The Jones Act (46 U.S.C. § 30104) is the primary law used by seamen to recover compensatory damages from their employers for injuries sustained in accidents occurring on navigable waters. To recover under the Jones Act, an injured seaman must prove that employer negligence caused the accident. This means that the Jones Act is not a no-fault system for recovering compensation.
Seaman injured on the high seas are entitled to maintenance and cure benefits without regard to fault. (Under general maritime law, a seaman has the right to receive compensation for food, lodging, and medical services resulting from illnesses or injuries suffered while working aboard a ship. Vaughan v. Atkinson, 369 U.S. 527, 531 (1962); see also Langmead v. Admiral Cruises, Inc., 610 So. 2d 565, 567 (Fla. 3d DCA 1992).) Hence, unlike the Jones Act, the maintenance-and-cure system is no-fault.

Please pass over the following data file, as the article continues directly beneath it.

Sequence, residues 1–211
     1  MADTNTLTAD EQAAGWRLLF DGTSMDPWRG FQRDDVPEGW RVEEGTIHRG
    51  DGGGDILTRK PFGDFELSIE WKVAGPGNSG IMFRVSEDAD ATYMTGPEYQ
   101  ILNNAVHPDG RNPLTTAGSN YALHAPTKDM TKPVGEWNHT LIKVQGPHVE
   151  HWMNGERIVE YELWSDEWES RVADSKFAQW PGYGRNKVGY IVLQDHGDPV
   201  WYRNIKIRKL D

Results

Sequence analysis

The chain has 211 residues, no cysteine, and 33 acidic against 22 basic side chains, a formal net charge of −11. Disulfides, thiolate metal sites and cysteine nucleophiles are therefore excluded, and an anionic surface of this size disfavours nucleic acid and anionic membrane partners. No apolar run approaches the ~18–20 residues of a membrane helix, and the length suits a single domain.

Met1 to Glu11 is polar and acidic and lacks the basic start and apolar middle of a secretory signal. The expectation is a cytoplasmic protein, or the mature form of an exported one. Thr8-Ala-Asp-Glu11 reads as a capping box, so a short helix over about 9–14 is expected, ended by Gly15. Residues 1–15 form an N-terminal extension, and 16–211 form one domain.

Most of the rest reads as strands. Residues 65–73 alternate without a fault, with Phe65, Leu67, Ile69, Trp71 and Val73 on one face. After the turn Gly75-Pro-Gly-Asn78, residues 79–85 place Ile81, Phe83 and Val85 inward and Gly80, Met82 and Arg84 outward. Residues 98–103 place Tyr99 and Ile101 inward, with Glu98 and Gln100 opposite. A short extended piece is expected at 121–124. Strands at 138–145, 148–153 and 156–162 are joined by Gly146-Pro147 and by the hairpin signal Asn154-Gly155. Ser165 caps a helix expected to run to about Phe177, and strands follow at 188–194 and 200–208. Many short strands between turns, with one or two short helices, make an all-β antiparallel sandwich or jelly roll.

An employer’s failure of duty to provide prompt and adequate medical care to a sick or injured crewman is actionable under the Jones Act — See generally Olsen v. Am. S.S. Co., 176 F.3d 891, 895 (6th Cir. 1999) — while, under general maritime law, the seaman can bring a separate claim against the employer for maintenance and cure. Are the two types of claims the same? No.
The Jones Act claim seeks damages for injuries sustained by the employer’s breach of duty to provide prompt and adequate medical care. Without a discernible injury, the claim will fail. Not so with the general maritime maintenance and cure claim. A claim for M & C is cognizable where the employer has breached its duty to provide said compensation during a seaman’s recuperative period until “maximum medical recovery,” or MMI, is reached. Vaughan, 369 U.S. at 531.
Does the failure to provide maintenance and cure up to MMI constitute negligence per se (under the Jones Act)? Not according to the holding in Gabriel v. Line, Fla: Dist. Court of Appeals, 5th Dist. 2012. In a somewhat unusual opinion, the 3rd DCA allowed the cure claim for medical benefits to proceed, but disallowed the Jones Act claim because there was no evidence of negligence concerning the provision of medical care.
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